But more patients prescribed powerful painkillers were still taking them 6 weeks later
MONDAY, Nov. 28, 2016 (HealthDay News) -- For treating persistent pain after a car crash, prescription opioid painkillers such as oxycodone (Oxycontin) are no more effective than nonsteroidal anti-inflammatory drugs (NSAID) like ibuprofen, a new study finds.
"You'd think there would be a wealth of studies comparing our 'go-to' pain meds, but there just aren't," said study lead author Dr. Francesca Beaudoin. She's an assistant professor of emergency medicine at Brown University's Warren Alpert School of Medicine and an emergency room doctor at Rhode Island Hospital.
"Now that opioids are under fire, it's forcing us to ask: 'What is the best treatment, who is it best for and under what conditions?' " Beaudoin said in a university news release.
"As an emergency physician, I prescribe these drugs all the time. Does what I am giving to people have any impact on the pain outcomes that matter to them?" she added.
To answer those questions, she and her colleagues assessed 948 people for pain six weeks after being treated in an ER and released following a car crash.
The researchers said they tried to compare cases that were as similar as possible except for which pain reliever was prescribed.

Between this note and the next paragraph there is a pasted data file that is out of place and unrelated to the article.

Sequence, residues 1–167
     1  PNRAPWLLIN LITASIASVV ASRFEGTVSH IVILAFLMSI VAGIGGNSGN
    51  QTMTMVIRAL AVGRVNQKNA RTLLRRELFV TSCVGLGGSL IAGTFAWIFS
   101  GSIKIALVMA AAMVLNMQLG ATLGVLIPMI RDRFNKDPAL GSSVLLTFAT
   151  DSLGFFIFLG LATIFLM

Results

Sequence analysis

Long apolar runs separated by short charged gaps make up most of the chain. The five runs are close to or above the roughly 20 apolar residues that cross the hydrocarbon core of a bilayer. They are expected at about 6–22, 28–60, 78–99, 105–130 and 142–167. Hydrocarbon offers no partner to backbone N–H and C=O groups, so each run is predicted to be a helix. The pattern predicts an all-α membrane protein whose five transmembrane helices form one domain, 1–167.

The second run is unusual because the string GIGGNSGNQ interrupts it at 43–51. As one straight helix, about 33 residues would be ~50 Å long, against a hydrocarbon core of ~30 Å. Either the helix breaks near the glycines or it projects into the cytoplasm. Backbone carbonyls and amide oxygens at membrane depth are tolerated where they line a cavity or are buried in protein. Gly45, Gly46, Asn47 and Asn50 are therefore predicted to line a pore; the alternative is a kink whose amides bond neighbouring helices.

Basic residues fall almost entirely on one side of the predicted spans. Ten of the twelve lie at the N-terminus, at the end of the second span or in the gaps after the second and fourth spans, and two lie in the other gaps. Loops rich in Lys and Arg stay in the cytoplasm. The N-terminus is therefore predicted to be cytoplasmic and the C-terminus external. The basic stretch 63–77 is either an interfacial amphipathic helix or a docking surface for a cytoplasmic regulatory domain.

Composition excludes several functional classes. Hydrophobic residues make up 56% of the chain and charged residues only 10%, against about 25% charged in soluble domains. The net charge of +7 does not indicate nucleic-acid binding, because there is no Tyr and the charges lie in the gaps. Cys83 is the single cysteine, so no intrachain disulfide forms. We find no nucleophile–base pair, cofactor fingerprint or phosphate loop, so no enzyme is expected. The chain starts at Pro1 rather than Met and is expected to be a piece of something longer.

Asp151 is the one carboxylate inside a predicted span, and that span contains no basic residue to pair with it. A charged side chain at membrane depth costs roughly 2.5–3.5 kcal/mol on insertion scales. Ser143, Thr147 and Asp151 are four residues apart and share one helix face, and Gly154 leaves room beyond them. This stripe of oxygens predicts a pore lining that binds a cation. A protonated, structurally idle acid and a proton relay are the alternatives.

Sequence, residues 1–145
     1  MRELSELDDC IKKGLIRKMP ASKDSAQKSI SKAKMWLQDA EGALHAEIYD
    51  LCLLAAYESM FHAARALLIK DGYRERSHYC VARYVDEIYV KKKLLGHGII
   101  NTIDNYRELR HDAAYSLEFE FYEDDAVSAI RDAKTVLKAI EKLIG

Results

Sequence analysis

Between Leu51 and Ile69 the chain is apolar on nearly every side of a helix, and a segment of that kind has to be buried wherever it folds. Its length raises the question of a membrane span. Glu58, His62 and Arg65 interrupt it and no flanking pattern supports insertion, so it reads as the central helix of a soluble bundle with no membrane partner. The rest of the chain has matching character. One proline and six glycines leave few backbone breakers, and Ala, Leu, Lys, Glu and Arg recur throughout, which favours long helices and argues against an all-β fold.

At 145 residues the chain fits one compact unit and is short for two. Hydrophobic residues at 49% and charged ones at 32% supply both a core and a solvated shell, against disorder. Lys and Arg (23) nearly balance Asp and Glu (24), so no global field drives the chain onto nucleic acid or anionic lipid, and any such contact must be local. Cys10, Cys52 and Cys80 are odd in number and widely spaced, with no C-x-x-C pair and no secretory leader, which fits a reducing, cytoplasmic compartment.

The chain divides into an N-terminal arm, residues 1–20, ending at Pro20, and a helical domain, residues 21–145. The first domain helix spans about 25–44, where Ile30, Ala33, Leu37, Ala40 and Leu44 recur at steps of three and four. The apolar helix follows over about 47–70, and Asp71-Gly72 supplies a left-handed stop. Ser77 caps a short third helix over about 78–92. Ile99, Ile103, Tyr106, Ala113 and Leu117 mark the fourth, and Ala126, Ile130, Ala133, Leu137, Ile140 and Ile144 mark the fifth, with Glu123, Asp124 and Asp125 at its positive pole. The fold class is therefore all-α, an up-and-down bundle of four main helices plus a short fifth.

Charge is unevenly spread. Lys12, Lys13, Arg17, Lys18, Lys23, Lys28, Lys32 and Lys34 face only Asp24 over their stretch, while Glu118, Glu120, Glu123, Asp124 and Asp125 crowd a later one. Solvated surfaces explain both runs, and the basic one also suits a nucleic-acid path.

Overall, they found, the risk of persistent pain was about the same whether patients took opioids like Oxycontin or Percocet or NSAIDs such as Advil or Motrin.
But those who were initially prescribed opioids, which can be highly addictive, were 17.5 percent more likely to still be taking the drugs after six weeks, according to the study.
The results were recently published online in the journal Pain.
The next step is to try to pinpoint the characteristics that best predict which treatment is best for which patients. This could help doctors manage patients' pain while prescribing opioids only for those who really need them, Beaudoin said.
Opioid painkiller abuse is a leading public health crisis in the United States, according to the U.S. Centers for Disease Control and Prevention.
The American Academy of Family Physicians has more on chronic pain medicines.